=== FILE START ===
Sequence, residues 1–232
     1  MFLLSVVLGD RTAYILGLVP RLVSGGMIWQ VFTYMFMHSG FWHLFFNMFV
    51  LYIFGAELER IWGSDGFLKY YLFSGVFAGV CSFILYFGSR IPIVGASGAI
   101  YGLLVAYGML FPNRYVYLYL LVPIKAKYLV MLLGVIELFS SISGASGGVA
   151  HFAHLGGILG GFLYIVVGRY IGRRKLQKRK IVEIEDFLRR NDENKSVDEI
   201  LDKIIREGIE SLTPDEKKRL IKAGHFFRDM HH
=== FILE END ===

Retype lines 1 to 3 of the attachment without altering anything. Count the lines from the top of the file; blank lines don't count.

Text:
Sequence, residues 1–232
     1  MFLLSVVLGD RTAYILGLVP RLVSGGMIWQ VFTYMFMHSG FWHLFFNMFV
    51  LYIFGAELER IWGSDGFLKY YLFSGVFAGV CSFILYFGSR IPIVGASGAI